Android rocks in Stockholm

Mikael KindborgBlogs

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In this blogpost I would like to share some personal reflections and highlights from two developer events that took place this week, the Stockholm Android Meetup and the Stockholm GDG Meetup. Two impressive, fun, and friendly events, so read on to get a glimpse of the state of the Android community and learn more about what people currently are talking about.

Stockholm has a vibrant Android community with several meetup groups and the high-profile DroidCon Stockholm Conference is coming up in October, featuring 15+ international speakers from the Android scene.

Stockholm Android Meetup (Sept 3, 2014)

Android Wear

Henrik SandströmHenrik Sandström presented Android Wear, a hot topic in the Android world, with lots of watches coming up from the major device manufacturers.

Personally, I would like to see a self-contained Wear device, that operates stand-alone. Now you need to bring the mobile phone, and as Henrik said, “Without the phone, it is just like any watch”.

It would be cool with new wear form factors (I have not had a wrist watch for over 25 years). Why not a tiny mobile phone you can wear as a necklace, or a device you can attach to the clothes, like the Star Trek combadge ;). Then we would have gone full circle, back to small phones in fashion again! (Such devices would also be perfect for the Veridict speech recognition and AI technology presented at the GDG meetup, see below.)

Google IO report

Erik HellmanErik Hellman (author of “Android Programming: Pushing the Limits“) did a recap of Google IO 2014. Here are my reflections on some of the items covered.

Material Design. A big new thing for the Android UI is Material Design. I understand this as a paper-inspired design language, influenced by responsive web design. Check out Erik’s slide deck to see examples of layouts and animations.

In my view, web design and hybrid app WebUIs are in some ways ahead of native mobile UIs. Web design feels more flexible, and if you can learn not to hate CSS totally, you can develop very cool UIs. Native UIs feel more restricted in terms of expressive freedom, as they impose a standard to follow.

It will be interesting to see if and when we will reach the same tipping point that happened on desktop operating systems, where the web browser took over for many applications.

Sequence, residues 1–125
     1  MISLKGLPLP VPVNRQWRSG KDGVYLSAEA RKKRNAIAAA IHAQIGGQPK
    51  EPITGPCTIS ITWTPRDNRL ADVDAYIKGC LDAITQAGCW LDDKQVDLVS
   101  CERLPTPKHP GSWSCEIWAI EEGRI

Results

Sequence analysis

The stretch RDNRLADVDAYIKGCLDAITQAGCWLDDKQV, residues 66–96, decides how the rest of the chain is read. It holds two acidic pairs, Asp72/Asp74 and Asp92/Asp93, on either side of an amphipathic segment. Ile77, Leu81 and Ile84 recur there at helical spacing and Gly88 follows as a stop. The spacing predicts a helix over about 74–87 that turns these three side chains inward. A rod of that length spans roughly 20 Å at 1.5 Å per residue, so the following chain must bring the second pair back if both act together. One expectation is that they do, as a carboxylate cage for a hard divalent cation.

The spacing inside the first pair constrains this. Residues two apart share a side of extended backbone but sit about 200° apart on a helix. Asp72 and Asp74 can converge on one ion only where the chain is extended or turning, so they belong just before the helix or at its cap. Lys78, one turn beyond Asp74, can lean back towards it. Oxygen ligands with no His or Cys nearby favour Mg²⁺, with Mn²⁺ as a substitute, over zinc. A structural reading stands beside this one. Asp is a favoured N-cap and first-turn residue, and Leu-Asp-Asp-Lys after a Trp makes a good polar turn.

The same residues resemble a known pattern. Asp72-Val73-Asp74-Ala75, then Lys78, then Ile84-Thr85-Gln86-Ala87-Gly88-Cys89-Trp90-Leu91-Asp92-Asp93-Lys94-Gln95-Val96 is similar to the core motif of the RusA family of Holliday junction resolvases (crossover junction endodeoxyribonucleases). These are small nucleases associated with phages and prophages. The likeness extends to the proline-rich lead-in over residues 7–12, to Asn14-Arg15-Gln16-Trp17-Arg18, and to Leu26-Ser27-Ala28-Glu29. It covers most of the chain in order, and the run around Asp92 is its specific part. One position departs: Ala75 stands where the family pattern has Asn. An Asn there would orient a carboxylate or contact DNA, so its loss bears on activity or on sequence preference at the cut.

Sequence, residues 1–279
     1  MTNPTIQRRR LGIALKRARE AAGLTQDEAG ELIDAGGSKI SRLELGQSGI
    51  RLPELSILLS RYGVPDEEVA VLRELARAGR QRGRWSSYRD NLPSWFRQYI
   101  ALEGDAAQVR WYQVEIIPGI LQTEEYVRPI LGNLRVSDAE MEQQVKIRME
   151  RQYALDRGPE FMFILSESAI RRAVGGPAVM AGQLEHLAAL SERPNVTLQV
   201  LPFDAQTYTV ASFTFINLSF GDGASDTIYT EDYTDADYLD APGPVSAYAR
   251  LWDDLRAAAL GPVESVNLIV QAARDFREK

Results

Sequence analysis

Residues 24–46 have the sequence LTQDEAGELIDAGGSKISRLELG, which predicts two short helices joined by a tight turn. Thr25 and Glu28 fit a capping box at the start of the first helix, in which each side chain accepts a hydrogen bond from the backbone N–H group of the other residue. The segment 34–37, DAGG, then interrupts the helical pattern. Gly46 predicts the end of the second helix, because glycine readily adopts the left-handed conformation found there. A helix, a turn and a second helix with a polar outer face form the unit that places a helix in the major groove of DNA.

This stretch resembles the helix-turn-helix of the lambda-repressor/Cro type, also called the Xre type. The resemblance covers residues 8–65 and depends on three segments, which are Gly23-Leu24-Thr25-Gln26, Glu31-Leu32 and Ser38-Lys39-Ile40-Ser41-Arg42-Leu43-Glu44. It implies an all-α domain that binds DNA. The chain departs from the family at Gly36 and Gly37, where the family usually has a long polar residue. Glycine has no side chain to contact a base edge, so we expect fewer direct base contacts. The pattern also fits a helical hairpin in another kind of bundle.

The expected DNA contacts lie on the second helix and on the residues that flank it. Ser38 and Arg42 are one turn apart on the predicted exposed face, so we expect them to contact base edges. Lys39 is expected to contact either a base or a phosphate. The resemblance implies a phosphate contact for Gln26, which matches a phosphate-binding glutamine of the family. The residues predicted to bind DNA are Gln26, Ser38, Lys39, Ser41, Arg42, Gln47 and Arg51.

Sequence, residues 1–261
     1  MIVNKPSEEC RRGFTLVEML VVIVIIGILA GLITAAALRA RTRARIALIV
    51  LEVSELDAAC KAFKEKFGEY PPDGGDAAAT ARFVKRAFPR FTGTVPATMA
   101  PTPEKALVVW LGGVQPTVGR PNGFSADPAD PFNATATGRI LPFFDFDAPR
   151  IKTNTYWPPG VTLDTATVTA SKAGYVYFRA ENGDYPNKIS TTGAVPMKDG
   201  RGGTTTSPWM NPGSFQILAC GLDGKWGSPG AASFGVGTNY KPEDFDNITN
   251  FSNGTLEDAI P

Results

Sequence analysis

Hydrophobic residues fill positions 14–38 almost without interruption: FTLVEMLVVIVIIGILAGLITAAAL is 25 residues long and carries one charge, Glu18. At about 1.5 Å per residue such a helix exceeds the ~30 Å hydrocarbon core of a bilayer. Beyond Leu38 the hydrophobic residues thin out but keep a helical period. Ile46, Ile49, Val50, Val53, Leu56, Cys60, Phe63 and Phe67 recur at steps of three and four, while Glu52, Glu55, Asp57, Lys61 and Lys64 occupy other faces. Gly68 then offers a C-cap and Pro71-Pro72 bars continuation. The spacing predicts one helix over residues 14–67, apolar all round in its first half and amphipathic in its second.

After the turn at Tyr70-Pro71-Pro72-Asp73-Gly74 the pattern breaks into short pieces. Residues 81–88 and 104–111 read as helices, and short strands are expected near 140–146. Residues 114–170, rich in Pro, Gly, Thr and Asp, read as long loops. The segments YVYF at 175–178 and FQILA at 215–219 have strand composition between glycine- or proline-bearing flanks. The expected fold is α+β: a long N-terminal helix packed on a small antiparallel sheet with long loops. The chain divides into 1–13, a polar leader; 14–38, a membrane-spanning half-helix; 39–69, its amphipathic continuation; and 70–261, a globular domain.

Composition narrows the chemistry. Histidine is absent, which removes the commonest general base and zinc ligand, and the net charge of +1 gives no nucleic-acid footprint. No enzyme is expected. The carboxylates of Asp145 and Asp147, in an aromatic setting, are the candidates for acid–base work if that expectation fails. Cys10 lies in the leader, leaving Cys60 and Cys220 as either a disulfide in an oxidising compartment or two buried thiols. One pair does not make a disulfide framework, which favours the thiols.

BLE (Bluetooth). BLE now supports peripheral role (advertising) and scanning for
peripherals by service id. This can make Android a more attractive platform for BLE applications. Question is how long it will take for device manufactures to upgrade their software/hardware to fully support BLE. Many of the low-cost Android devices sold in e.g. Asia do not have BLE support. This may slow down the adoption of BLE in markets where older Android versions dominate.

Android Multi-networking. An interesting remark was that WiFi Direct has not become widely used because you cannot be on multiple WiFi networks at once. Mainly as if you’d connect to a peer over WiFi Direct, you’ll lose your Internet WiFi connection. It was mentioned that Google is working on more robust/flexible networking, called Android Multi-networking.

Cloud Save. Google Cloud Save was mentioned as a great way for a quick online data solution, e.g. for startups.

ART (Android Runtime). The new Android Runtime and compiler looks very promising. Enhances performance and solves problems like the pauses cased by Davik’s garbage collector. I was also mentioned there is a new compiler toolchain called “Jack & Jill” that replaces javac.

What would be cool is support for other languages besides Java, specifically dynamically typed languages, with support for on-device development. Compiling and running native programs right on the device – just plug in a keyboard and type ahead – would be very cool indeed! Something like “LuaJIT meets ART” would be sweet :)

Stockholm Google Developer Group (Sept 4, 2014)